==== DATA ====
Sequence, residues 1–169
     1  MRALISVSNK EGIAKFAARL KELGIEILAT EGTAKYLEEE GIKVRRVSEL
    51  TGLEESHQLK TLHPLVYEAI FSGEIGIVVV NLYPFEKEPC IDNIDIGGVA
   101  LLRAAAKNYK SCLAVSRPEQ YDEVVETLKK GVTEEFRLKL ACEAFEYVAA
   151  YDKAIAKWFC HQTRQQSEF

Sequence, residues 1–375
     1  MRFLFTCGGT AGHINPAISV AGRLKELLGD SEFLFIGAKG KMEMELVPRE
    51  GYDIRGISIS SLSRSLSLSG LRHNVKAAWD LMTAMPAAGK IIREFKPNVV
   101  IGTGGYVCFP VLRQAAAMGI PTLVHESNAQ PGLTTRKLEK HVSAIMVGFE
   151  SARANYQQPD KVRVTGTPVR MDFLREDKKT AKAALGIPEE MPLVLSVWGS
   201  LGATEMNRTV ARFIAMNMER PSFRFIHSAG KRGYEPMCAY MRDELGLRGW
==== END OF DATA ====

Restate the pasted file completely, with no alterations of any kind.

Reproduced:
Sequence, residues 1–169
     1  MRALISVSNK EGIAKFAARL KELGIEILAT EGTAKYLEEE GIKVRRVSEL
    51  TGLEESHQLK TLHPLVYEAI FSGEIGIVVV NLYPFEKEPC IDNIDIGGVA
   101  LLRAAAKNYK SCLAVSRPEQ YDEVVETLKK GVTEEFRLKL ACEAFEYVAA
   151  YDKAIAKWFC HQTRQQSEF

Sequence, residues 1–375
     1  MRFLFTCGGT AGHINPAISV AGRLKELLGD SEFLFIGAKG KMEMELVPRE
    51  GYDIRGISIS SLSRSLSLSG LRHNVKAAWD LMTAMPAAGK IIREFKPNVV
   101  IGTGGYVCFP VLRQAAAMGI PTLVHESNAQ PGLTTRKLEK HVSAIMVGFE
   151  SARANYQQPD KVRVTGTPVR MDFLREDKKT AKAALGIPEE MPLVLSVWGS
   201  LGATEMNRTV ARFIAMNMER PSFRFIHSAG KRGYEPMCAY MRDELGLRGW